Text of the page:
WASHINGTON -- Students of intelligence-gathering will tell you that deception and outright lying are essential to the art. Having now reviewed the controversy over who in Congress knew what about the CIA's use of enhanced interrogation techniques, I have concluded that House Speaker Nancy Pelosi might make a superb intelligence officer. She claims that she was utterly unaware of the CIA's rough treatment of terrorists detained after 9/11. She says this without betraying a hint of deception or uncertainty. Well done, well done.
Yet a really good liar does not lie about something easily refuted. In the case of the Hon. Pelosi's protests of ignorance, there are no fewer than three public sources out there refuting her. One is a 2007 Washington Post report that she was included in a "bipartisan group" from the Hill that was fully apprised of these interrogation techniques in September 2002. Another refutation comes from former CIA Director George Tenet's memoirs, "At the Center of the Storm," in which Tenet is pretty open about how rough treatment cracked 9/11 mastermind Khalid Sheikh Mohammed, who boasts of beheading journalist Danny Pearl. Tenet also adds that he briefed "senior congressional leaders," presumably among them the Hon. Pelosi, about another of her present concerns, namely, warrantless wiretaps. Then there is this revelation by former CIA Director and former Rep. Porter Goss in The Washington Post this past weekend: "Today, I am slack-jawed to read that members (of Congress) claim to have not understood that the techniques on which they were briefed were to actually be employed; or that specific techniques such as 'waterboarding' were never mentioned." So maybe the speaker of the House would not be a very good spy.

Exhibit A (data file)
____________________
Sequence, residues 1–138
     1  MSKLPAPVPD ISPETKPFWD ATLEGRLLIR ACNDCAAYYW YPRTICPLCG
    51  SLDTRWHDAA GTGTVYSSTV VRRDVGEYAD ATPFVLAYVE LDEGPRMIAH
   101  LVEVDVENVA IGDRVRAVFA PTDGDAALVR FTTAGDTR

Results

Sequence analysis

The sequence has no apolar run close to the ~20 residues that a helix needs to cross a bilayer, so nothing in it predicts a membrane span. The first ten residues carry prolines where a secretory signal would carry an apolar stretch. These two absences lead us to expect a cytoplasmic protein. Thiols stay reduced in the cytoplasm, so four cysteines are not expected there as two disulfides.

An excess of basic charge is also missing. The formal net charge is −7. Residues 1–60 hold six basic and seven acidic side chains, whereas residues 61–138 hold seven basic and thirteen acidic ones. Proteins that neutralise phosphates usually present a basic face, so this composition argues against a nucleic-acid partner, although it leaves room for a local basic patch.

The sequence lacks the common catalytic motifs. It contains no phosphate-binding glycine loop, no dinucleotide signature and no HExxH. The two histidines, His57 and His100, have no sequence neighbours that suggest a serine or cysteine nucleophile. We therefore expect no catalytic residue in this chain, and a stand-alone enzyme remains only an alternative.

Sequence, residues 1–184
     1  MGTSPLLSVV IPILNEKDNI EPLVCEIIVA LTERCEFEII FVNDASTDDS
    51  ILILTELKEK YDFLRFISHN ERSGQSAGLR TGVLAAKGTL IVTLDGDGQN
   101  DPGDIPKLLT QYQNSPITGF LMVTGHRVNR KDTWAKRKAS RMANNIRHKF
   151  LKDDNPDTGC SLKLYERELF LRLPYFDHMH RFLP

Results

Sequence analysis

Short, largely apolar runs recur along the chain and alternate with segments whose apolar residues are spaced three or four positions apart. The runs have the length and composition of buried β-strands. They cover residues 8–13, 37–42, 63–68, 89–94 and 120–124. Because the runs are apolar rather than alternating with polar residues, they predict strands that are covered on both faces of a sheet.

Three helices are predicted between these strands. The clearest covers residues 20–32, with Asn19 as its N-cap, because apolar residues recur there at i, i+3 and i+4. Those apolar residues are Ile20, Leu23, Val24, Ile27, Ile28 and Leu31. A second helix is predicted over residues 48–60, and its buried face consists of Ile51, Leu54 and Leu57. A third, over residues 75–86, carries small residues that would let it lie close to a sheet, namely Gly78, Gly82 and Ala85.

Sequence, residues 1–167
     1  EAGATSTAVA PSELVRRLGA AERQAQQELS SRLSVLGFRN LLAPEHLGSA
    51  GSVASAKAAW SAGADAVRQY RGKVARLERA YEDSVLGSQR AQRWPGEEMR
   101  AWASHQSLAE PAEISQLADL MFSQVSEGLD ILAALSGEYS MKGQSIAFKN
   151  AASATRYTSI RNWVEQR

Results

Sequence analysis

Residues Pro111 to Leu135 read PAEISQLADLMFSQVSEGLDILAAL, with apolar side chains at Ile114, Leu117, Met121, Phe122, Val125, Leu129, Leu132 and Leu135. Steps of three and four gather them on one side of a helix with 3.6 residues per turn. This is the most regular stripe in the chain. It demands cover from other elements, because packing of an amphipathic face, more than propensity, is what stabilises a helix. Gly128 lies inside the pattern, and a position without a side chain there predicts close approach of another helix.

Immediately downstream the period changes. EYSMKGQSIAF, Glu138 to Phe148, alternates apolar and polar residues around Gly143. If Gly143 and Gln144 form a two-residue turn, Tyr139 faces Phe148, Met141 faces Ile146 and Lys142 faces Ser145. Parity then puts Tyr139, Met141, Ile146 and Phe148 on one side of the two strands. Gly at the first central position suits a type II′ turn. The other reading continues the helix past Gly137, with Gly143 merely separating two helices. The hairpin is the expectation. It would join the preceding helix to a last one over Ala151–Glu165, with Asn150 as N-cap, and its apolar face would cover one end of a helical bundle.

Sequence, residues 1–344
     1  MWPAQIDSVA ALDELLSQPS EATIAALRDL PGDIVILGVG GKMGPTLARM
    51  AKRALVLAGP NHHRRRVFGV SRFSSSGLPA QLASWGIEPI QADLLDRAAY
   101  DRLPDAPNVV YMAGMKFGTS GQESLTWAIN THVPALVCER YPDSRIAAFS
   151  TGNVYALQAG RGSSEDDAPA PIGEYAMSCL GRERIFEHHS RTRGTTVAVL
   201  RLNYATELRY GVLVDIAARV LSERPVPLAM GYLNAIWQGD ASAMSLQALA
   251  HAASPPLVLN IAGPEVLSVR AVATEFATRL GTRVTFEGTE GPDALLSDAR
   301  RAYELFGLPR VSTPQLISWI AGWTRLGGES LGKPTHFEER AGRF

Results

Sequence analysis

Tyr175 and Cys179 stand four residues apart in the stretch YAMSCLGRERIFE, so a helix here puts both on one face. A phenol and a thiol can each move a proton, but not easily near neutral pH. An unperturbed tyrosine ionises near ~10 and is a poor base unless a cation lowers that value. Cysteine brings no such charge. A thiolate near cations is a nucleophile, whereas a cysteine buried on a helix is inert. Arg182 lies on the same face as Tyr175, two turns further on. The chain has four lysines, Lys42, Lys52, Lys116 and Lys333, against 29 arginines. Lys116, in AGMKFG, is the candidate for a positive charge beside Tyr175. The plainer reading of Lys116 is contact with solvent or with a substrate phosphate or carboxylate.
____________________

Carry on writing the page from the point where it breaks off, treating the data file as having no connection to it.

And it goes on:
If there is any good news to come from the Obama administration's release of CIA documents relating to the detention and interrogation of post-9/11 detainees, it is that Washington's post-9/11 fears of further terrorist attacks against America have abated. It is official that the Obama administration no longer uses the term "global war on terror." So maybe the war is over and we all can relax.
Yet there is no question that the release of these documents and the ongoing debate over whether to prosecute government functionaries involved in the Bush administration's treatment of terrorists has hurt our intelligence community, both at home and abroad. Intelligence officers within our service have been intimidated by our own government. Foreign intelligence officers who have been sharing intelligence with us abroad are going to be much less forthcoming. It is a good thing that the administration has determined that America is now secure from terrorist threats.
This is not the first time liberal politicians have put the clamps on our intelligence services' ability to protect the country. In 1975, the Church Committee investigated both the CIA and the FBI, with the consequence that congressional oversight committees were set up, which, in the aftermath of 9/11, were accused of inhibiting our intelligence services from pursuing al-Qaida aggressively in the 1990s. Now, apparently, with the war on terror won, we can go back to those blissful days.